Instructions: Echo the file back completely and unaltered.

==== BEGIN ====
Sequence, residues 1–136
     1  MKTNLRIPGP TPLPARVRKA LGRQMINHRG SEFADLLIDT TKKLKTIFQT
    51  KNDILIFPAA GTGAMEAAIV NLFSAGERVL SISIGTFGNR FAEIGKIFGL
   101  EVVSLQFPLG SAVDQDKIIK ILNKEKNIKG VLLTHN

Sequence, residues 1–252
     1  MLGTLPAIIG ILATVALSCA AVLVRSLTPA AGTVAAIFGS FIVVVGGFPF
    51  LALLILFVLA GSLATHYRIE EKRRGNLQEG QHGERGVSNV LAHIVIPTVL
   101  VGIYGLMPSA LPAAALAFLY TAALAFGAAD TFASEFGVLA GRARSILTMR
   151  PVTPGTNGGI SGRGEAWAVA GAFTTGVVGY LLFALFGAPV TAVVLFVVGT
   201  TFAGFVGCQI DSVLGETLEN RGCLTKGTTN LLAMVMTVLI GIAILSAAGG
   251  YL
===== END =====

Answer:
Sequence, residues 1–136
     1  MKTNLRIPGP TPLPARVRKA LGRQMINHRG SEFADLLIDT TKKLKTIFQT
    51  KNDILIFPAA GTGAMEAAIV NLFSAGERVL SISIGTFGNR FAEIGKIFGL
   101  EVVSLQFPLG SAVDQDKIIK ILNKEKNIKG VLLTHN

Sequence, residues 1–252
     1  MLGTLPAIIG ILATVALSCA AVLVRSLTPA AGTVAAIFGS FIVVVGGFPF
    51  LALLILFVLA GSLATHYRIE EKRRGNLQEG QHGERGVSNV LAHIVIPTVL
   101  VGIYGLMPSA LPAAALAFLY TAALAFGAAD TFASEFGVLA GRARSILTMR
   151  PVTPGTNGGI SGRGEAWAVA GAFTTGVVGY LLFALFGAPV TAVVLFVVGT
   201  TFAGFVGCQI DSVLGETLEN RGCLTKGTTN LLAMVMTVLI GIAILSAAGG
   251  YL